Future of Old Fire Hall a mystery more than one year after loss of NSCAD artist residency

(Illustration: Jessie McLaughlin)

For fifteen years, the studio space at 40 Townsend Street – or the Old Fire Hall, as it’s known by locals – was a buzzing hub of artistic activity.

It was the home of the NSCAD-Lunenburg Community Studio Residency founded by Senator Wilfred Moore in 2006. Through the program, recent NSCAD graduates could spend a year making art and running community programming.

The building currently sits empty. Because NSCAD’s $1 lease for the space was not renewed by the Town of Lunenburg, the residency program was not renewed in summer 2021 as it had been each year since 2006. 

The abrupt end of the residency is an enigma for many artists in the area – and the future of the space remains uncertain.

Future of the space is still being evaluated by Town of Lunenburg

Michael Best, Communications Officer for the Town of Lunenburg, asked for an update on the property via email, says, “The Town is evaluating all Town-owned land and buildings and considering future use(s) which may include the sale thereof.”

According to the Town’s Comprehensive Community plan, there are three potential scenarios for the fate of 40 Townsend Street: “Scenario 1: Community rentals. Scenario 2: Sold as surplus with public use restrictions. Scenario 3: Sold as surplus to retrofit/redevelop for residential use that includes affordable and accessible housing, and maintains the heritage value.”

Decision to end residency happened behind closed doors

In early 2021, NSCAD notified Senator Moore that the current Agreement between the University and the Town was going to expire in August 2021, and not 2022 as he had been initially told.

Former NSCAD residence artist Sienna Maeba says Town Council did not try to connect with the residence artists.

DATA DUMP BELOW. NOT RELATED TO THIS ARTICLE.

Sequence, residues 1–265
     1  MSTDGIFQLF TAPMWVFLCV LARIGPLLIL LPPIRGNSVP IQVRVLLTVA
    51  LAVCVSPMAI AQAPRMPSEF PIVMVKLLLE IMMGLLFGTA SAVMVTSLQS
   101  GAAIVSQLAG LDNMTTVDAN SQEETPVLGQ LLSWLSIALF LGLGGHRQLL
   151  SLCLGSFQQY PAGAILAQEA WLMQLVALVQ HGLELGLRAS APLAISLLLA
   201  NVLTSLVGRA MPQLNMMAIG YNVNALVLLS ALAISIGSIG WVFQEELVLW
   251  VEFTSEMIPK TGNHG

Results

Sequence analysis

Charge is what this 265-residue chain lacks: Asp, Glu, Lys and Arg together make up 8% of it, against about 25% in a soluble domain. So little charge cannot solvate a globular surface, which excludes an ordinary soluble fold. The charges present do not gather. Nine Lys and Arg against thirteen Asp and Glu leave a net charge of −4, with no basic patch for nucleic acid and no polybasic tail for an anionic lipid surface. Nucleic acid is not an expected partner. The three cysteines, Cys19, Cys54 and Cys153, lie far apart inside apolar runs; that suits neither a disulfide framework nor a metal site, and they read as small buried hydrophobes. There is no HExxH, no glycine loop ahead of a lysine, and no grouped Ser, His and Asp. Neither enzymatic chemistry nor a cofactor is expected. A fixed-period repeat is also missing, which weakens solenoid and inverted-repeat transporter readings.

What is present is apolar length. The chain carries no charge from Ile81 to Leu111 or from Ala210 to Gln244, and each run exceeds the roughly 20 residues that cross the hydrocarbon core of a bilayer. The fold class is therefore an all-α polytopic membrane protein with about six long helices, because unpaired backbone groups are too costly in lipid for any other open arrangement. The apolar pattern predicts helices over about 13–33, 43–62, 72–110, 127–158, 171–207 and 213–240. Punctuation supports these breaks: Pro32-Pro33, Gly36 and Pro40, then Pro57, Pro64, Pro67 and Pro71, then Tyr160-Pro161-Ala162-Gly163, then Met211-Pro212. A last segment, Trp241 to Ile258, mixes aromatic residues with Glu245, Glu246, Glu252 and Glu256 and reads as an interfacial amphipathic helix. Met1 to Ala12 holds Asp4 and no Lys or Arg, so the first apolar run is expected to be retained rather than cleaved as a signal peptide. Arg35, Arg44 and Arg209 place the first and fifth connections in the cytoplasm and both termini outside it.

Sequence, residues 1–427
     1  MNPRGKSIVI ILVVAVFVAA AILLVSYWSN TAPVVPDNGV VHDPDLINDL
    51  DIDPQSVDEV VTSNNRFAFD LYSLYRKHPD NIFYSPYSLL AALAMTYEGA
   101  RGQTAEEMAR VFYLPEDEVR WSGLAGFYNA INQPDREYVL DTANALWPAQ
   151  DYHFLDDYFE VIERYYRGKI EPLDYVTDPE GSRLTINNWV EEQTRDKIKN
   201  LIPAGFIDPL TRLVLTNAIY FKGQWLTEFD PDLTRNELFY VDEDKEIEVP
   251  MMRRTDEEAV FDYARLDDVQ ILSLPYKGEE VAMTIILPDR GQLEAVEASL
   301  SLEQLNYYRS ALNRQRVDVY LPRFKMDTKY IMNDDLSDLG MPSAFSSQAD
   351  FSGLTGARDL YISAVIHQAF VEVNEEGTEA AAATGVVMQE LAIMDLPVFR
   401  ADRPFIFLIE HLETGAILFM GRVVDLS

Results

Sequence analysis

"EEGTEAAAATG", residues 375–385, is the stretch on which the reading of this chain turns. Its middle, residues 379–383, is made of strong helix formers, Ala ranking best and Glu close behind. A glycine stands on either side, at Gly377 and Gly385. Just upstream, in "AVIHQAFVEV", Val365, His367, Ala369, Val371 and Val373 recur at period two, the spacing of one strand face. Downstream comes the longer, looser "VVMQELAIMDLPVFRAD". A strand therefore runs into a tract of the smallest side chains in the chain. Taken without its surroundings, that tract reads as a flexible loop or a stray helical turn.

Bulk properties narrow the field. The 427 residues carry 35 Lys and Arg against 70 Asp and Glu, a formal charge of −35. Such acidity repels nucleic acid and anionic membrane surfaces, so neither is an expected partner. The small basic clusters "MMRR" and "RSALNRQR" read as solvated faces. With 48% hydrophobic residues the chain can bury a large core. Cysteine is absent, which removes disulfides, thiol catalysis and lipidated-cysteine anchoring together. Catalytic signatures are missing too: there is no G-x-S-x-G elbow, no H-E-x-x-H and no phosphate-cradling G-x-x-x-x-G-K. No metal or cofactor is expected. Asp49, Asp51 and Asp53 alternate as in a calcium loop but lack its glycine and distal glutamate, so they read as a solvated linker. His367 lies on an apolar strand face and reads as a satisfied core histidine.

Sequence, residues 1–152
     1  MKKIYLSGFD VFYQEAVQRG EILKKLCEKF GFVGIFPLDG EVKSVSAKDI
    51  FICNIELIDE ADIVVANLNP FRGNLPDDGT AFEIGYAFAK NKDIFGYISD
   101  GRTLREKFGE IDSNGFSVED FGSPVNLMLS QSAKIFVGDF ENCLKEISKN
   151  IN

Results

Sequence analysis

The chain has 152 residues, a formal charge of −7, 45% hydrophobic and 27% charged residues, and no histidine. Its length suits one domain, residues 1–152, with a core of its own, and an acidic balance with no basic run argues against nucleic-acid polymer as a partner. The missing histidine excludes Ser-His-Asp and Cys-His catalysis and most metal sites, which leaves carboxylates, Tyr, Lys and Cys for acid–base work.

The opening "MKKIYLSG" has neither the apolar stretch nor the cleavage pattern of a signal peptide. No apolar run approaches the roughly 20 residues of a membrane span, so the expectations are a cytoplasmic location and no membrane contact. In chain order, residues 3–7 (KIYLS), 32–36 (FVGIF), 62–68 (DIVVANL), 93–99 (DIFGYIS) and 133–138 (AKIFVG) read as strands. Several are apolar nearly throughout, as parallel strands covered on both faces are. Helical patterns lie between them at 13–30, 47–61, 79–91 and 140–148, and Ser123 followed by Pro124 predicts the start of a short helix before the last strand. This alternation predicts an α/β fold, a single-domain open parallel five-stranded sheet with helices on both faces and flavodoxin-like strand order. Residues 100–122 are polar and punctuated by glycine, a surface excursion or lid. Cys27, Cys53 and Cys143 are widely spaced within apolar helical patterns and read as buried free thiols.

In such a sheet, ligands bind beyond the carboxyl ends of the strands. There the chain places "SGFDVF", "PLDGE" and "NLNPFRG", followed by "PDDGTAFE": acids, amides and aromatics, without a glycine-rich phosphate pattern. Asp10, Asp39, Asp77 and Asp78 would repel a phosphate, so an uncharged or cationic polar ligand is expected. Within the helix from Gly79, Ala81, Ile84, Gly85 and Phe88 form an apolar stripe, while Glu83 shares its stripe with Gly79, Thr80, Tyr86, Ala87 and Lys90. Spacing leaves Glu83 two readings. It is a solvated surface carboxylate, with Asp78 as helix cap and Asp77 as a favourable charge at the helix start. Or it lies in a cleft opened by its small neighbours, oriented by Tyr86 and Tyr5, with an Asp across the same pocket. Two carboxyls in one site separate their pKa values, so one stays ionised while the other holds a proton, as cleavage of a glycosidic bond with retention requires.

“They didn’t show up to any events even though we always told them it was happening,” says Maeba.

Additionally, local artist Douglas Bamford says there was a lack of involvement from NSCAD at different points throughout the residence’s fifteen-year run.

“About five years went by when I don’t think anybody from NSCAD came to any of the [residency] events,” says Bamford.

NSCAD residence artists Sienna Maeba, Undine Foulds and Jessie McLaughlin completed the residency in 2020-2021. Most of the community programming they wished to run could not be run due to COVID-19 lockdowns and restrictions. 

Senator Moore contacted the-president of NSCAD, Dr. Sarah McKinnon, who wrote to Town Council to request a six-month extension to the residence. The residence artists and others wrote letters in support of this. 

This item was added to the Town Council’s agenda for their upcoming meeting. The residence artists were prepared to speak about the importance of the program in front of the Council.

However, the Town Council opted to make their decision in-camera, meaning they discussed the matter privately. 

This is in accordance with the Municipal Governance Act, which allows Council to discuss a specific set of topics privately. In this case, the Council were permitted to have the meeting in-camera due to the fact that the discussion involved the  “acquisition, sale, lease and security of municipal property.”